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​王颖 & 蔡滨荟
105mm × 200mm

8 页




“Counting Trees”

​yingwang & Binhui Cai
105mm × 200mm

8 pages

In this book, we embark on the exploration of the dynamic interactions between humans and trees in an urban environment, beginning with the anthropomorphization of a single tree. Throughout the pages, we maintain a third-person observational perspective, employing a three-dimensional framing to bring to life the subtle exchanges and engagements unfolding between people and trees.

Often overlooked, the presence of trees in the city becomes apparent when we actively seek their shelter for relaxation or set up hammocks. Our project is threaded together by community strolls, where, during sunny winter days, the trees within the community are adorned with vibrant sheets belonging to residents. Along these strolling paths, we encounter myriad instances of everyday interactions between humans and trees.

Trees lining the streets find themselves encased within concrete-framed boxes, surrounded by a variety of vegetables planted by residents. In these confined spaces, a unique companionship flourishes. Some roadside trees find companionship with bicycles, others intertwine with laundry poles, are draped with sausages, embraced by children, their branches serving as makeshift supports, and their trunks pretending to be the backrests of humans. These whimsical and often unnoticed interactions are subtly woven into the fabric of the city.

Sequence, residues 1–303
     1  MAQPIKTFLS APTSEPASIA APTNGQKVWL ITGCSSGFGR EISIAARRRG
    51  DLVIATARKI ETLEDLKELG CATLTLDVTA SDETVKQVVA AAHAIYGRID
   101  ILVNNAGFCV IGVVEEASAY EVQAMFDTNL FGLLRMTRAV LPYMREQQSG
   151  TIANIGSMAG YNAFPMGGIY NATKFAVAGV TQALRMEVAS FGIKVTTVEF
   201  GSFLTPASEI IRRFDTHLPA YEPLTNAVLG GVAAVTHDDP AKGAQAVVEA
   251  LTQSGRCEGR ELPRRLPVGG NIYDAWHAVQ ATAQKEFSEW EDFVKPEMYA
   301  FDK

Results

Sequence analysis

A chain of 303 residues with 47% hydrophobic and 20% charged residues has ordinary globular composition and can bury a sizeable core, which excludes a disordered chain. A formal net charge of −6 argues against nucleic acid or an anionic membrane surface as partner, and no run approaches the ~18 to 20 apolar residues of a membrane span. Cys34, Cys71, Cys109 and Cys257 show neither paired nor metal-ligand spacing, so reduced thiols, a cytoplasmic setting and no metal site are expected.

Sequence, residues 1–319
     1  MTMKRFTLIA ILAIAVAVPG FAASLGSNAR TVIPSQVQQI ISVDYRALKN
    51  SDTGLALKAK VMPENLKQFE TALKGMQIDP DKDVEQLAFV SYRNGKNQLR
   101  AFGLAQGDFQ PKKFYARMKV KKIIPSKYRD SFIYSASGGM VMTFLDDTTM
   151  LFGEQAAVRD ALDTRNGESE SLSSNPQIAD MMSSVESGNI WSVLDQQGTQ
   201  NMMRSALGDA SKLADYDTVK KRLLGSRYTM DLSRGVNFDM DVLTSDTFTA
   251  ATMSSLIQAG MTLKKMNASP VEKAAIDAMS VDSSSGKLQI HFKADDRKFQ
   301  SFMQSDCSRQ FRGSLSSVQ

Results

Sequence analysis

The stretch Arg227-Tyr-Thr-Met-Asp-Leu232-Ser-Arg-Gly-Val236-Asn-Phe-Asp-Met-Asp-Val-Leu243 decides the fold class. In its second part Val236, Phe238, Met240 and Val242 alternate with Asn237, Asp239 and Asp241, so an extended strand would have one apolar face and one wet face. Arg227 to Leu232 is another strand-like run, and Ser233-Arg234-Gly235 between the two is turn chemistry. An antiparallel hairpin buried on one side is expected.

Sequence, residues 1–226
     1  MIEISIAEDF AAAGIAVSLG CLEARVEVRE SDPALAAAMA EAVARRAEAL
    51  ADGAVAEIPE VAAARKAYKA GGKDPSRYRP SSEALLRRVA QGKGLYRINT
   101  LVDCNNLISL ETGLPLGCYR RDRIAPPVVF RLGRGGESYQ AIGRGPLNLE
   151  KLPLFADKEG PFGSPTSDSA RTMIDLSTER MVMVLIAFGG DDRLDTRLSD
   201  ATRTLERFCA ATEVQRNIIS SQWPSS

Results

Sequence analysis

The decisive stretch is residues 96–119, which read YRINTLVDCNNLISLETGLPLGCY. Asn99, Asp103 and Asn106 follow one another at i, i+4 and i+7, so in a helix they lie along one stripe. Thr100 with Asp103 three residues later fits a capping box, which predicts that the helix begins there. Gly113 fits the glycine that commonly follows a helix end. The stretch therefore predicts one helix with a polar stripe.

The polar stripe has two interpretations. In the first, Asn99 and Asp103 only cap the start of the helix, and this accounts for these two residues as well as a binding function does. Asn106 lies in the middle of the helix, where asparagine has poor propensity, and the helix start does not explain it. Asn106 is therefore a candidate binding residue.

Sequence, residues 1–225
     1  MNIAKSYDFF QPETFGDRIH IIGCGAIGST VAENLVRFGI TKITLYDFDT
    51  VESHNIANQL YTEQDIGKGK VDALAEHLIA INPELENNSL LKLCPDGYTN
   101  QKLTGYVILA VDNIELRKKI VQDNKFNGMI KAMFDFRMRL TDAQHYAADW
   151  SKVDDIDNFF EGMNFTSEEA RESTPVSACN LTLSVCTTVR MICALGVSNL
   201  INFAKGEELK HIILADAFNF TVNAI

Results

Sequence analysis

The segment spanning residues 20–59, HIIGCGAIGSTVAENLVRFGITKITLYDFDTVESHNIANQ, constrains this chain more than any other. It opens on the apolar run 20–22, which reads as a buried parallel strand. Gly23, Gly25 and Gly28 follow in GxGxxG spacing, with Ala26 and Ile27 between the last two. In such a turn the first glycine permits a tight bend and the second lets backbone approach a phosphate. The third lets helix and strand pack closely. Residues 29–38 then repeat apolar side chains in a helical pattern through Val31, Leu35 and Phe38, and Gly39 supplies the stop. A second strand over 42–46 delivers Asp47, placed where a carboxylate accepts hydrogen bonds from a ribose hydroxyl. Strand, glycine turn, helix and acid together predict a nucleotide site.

As trees appear motionless, they assume the role of the seemingly "passive" participant in the interaction. In winter, they undergo extensive pruning, with some being stripped bare of branches. It creates an illusion that humans dictate their planting locations, growth environments, and even physiological cycles. However, come spring, the trees rapidly sprout new buds, reclaiming their lush and vibrant appearance. Although seemingly motionless, trees demonstrate a remarkable adaptability, cleverly "utilizing" their surroundings in the most suitable manner for their growth. Hence, while we might perceive them as "passive," trees may well view humans as exerting a somewhat misguided influence on their existence.

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